BioCycle September 2018
Randy Kreider and his father, Clyde Kreider, purchased a mulch business in Washington Boro, Pennsylvania (near Lancaster) in 1999. “It was a small bark mulch operation run by just the owner and his wife,” recalls Randy Kreider. “We came at this pretty new. I had been working in a tobacco stripping room; we used to raise a lot of tobacco, but that industry obviously got pretty hard. The previous owner of the mulch business, who we knew, was ready to retire and interested in selling his business. So we ended up buying it from him.”
As new owners of Kreider Mulch, Kreider and his father spent their first few years wrapping their heads around what was needed to keep the operation running. With no prior experience, every challenge was a new one that required overcoming the typical learning curve. But when it came time to make changes, their decisions have yielded solid long-term benefits. “About 10 years ago, we started taking tipping fees for green waste,” he explains. “That was a significant change because it dramatically increased the amount of material we had for mulching while adding revenue. And it allowed us to move beyond making only a bark mulch.”
The next step was adding a topsoil operation, which provided a complementary second product to sell alongside the mulch. “We then began a coloring operation so we could sell dyed mulches, which are now in high demand,” Kreider adds.
Cost Of Operations
About ten years ago, Kreider began evaluating the operational costs of their equipment in order to further increase efficiency of the business. All of the brush and green waste grinding had been performed in tub grinders. While effective at reduction, the tub grinders were not the most efficient pieces of equipment. “I can’t provide exact figures, but I work directly in the yard all spring, and saw firsthand how much time we were spending changing tips, the amount of fuel consumption, and the throughput,” he explains. “We wanted to find a better option.”
Kreider Mulch purchased a Doppstadt AK 630 horizontal high-speed grinder, with a free-swinging hammermill design in 2009. “The fuel efficiency is certainly a difference maker, but the swinging mill has to be the biggest advantage,” Kreider notes. “If any contamination or metal gets in, the grinder doesn’t self destruct. The solid mill can get really jammed up and take you down for a day easily. And comparatively, the wear time on the swinging hammermill tips is much longer than the fixed mill, so we’re changing tips much less frequently.”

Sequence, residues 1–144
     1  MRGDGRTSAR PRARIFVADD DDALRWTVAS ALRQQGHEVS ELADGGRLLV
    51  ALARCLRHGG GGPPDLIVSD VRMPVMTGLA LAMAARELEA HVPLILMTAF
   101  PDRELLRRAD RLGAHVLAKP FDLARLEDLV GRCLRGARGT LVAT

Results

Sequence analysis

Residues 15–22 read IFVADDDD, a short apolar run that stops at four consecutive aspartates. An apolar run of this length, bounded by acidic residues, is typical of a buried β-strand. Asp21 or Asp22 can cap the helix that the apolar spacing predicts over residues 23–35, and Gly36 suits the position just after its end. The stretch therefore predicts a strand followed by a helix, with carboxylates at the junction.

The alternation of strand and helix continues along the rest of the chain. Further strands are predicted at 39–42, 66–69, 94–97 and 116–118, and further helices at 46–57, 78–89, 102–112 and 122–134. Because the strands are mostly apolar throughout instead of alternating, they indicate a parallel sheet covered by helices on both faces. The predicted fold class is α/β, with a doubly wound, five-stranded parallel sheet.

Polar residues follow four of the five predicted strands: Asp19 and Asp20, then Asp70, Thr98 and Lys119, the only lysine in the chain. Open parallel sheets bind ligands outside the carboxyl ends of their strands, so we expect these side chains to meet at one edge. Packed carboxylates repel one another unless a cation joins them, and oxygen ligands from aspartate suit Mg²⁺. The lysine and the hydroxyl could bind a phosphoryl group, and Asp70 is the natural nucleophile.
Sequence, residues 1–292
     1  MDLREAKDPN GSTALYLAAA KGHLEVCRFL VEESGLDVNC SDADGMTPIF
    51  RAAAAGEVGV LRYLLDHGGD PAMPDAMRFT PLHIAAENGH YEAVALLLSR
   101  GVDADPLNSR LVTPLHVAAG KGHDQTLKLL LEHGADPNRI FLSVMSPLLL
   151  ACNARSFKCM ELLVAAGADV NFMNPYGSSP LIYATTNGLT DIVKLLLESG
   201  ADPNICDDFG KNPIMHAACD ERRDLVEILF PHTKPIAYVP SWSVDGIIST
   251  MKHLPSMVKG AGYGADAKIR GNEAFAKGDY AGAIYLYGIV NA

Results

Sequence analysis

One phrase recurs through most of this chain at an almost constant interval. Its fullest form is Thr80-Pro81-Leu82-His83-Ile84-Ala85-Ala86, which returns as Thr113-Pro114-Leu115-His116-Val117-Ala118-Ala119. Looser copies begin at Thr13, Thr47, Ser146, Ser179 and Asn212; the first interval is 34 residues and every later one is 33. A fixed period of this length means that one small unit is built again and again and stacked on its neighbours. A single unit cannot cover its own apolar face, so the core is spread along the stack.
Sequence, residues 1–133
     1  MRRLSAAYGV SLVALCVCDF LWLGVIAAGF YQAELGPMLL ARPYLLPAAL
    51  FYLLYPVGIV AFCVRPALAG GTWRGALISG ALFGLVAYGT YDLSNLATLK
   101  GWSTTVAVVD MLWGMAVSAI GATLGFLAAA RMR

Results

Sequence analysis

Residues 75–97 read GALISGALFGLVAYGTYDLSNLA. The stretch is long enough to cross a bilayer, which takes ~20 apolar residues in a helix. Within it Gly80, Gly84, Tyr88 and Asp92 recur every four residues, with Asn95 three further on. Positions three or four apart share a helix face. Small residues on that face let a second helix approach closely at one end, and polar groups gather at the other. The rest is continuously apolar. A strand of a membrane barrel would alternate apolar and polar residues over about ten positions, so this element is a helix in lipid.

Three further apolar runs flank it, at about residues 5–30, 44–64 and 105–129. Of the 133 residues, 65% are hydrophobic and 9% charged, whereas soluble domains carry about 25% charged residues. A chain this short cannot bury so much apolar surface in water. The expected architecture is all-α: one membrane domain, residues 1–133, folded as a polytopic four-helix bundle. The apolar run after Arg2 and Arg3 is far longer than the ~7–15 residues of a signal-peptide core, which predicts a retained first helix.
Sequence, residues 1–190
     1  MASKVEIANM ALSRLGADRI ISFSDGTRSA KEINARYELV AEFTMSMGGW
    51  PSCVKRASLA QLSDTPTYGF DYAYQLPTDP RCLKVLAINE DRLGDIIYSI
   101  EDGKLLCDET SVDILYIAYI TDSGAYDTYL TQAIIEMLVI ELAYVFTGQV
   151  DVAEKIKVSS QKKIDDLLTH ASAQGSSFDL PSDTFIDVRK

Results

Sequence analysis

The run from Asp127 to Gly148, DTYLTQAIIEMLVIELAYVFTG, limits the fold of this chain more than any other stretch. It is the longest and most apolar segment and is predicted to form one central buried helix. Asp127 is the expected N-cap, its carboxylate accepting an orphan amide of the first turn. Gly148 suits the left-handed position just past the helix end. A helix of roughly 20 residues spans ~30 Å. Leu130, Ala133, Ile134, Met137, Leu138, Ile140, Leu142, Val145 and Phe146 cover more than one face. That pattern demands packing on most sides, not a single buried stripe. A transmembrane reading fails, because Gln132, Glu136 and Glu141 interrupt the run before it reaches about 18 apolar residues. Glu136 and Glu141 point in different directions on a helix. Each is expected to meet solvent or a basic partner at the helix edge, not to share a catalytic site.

The company uses a Doppstadt SM 720SA trommel to both screen product and colorize mulch. “When we purchased the trommel three years ago, we got two drums — one for sizing and the other a solid drum for our dye runs,” he adds. “Two employees can swap out those drums in 15 minutes, where before on our previous trommel, we would have to stop and wrap the drum in plastic to color, and that would take more than an hour. After a color run, it would be another two hours of time to remove that plastic and clean everything up. The time savings has been dramatic.”
The most recent equipment addition at Kreider Mulch is a Doppstadt DW 3060 slow-speed shredder. After outsourcing the grinding of larger logs and brush, Kreider rented the slow-speed shredder a few times before purchasing it to bring that process in house. “With the slow speed in our yard full time, we run everything through it that comes in, regardless of size,” he explains. “Before anything goes into a grinder, it first passes through the shredder. It allows us to be more efficient and responsive when grinding.”
Niki Vala is the Marketing Coordinator for Ecoverse.